Maunalua Junior Konohiki Program
The purpose of the project is to encourage local students to explore and learn more about special natural resources in their own backyard through perpetuating Hawaiian cultural values like Mālama Aina. Our hope is that by connecting students to the land & ocean that is a part of their community, they will develop a deeper sense of Aloha for these places and help take responsibility in caring for them into the future. The Maunalua Junior Konohiki program in particular will utilize Paiko Wildlife Sanctuary as a place-based outdoor education classroom for students to become more grounded in Hawaiian cultural values and gain hands on experience in environmental education linked with statewide science & math standards.
Partners: Department of Forestry & Wildlife Services, Maunalua Fishpond Heritage Center, Polynesian Voyaging Society
Sample Field Day Delivery:
Native Planting / Invasive Plant Removal
Rotation will include removal of invasive algae and/or invasive plants within Paiko Sanctuary followed by the planting of native plants under the guidance of DOFAW (Department of Forestry & Wildlife) staff.
Students will understand how changes in the environment will affect the endemic biodiversity of the plant and animal life within an ecosystem
Partners - DOFAW, Maunalua Fishpond Heritage Center
Ecosystem Ahupua’a Canoe Tour
This rotation will be an interactive canoe tour for students to view the entire ahupua’a of Kuliou’ou as well as other ahupua’a’s within Maunalua from the vantage of the ocean looking towards the land. This will allow students to discuss the function of the ahupua’a system and how what happens mauka will affect the entire ecosystem all the way to the sea.
Students will be able to use underwater scopes to view the nearshore ecosystem as well as perform a plankton tow while paddling that they will sample and view with cell microscopes upon returning to land. This allows students to understand the life within an ecosystem beyond what can be seen with the naked eye.
Partners - Hui Nalu, University of Hawai'i, Kahi Kai
Monitoring Activity: Water Quality Testing
This rotation will be a hands on monitoring activity where students will have the opportunity to work with water monitoring tools to analyze the water quality in different locations throughout Paiko reserve.
Students will understand the function of a wetland in the Ahupua'a system as a filter for sediment runoff as well as how pollution from an urban environment can affect water quality and coral reef ecosystems.
Partners - Malama Aina Foundation
Optional: Hawaiian Star Compass Activity
This station will be a fun activity that teaches the students the basics of the Polynesian star compass.
Partners - Polynesian Voyaging Society
Maunalua Future Navigators Program
Na Ho’okele O Maunalua or the Maunalua Future Navigators program will be an expansion of the existing Maunalua Junior Konohiki Program that currently provides ocean based environmental education field days to the public school students within the Maunalua Bay area. The objective of this youth leadership program will be to give a select group of passionate students a more in-depth understanding of community/resource stewardship through the principles of Polynesian Voyaging. Our goal is to begin educating the next generation to create leaders on the ocean and leaders in the community.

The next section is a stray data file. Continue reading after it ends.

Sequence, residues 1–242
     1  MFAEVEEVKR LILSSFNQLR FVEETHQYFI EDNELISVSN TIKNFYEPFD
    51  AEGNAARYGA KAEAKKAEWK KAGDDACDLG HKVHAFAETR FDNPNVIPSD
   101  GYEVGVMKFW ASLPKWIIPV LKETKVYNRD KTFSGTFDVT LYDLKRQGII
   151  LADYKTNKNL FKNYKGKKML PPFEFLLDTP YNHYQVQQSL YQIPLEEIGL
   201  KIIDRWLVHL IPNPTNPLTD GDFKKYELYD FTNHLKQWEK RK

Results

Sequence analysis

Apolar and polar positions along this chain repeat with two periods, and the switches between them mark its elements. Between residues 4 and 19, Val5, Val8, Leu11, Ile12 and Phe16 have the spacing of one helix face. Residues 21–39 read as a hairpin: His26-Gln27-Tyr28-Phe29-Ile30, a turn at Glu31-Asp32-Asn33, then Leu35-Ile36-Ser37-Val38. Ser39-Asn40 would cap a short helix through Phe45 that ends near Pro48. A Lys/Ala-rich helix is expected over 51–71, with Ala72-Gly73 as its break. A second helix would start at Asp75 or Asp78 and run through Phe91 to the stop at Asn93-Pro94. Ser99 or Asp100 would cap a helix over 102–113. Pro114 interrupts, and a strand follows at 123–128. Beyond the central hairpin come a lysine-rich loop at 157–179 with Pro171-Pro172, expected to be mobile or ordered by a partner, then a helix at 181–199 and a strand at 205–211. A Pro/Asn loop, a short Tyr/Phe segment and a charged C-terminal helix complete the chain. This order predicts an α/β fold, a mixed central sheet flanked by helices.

Over the course of the program students will have four field day experiences each with a different focus topic and itinerary including watershed hike, fishpond restoration, wildlife sanctuary conservation, and ocean navigation. Na Ho’okele O Maunalua leadership program will be offered to 20 high school students within the Maunalua Bay community. By participating in this program students will gain practical knowledge of the various focus areas through hands on participation and leadership challenges. Field day participants will have the opportunity to connect with community partners and environmental agencies while also gaining more intimate knowledge of the history, culture, and issues in the Maunalua region. The culmination of the field days ends with an objective for the two student groups to develop either a field day or project on their own that benefits the bay/community and would be supported by Huli and the other partner organizations ultimately empowering the students to take ownership of their own natural resources.
Business Partnership Program
At Huli, we recognize how important the businesses, non-profits, and grassroots community organizations are in the local community. We aim to get these organizations more involved with the stewardship of Maunalua, collaborating with each other, and overall more aware of the rich history and culture of our home as well as the current challenges we face. In order to accomplish this, we offer field days tailored to these businesses as professional development days where they can come and spend time out in one of Maunalua's last remaining fishponds helping with the restoration work and sailing on our traditional Hawaiian sailing canoe to get a unique vantage of our precious resource.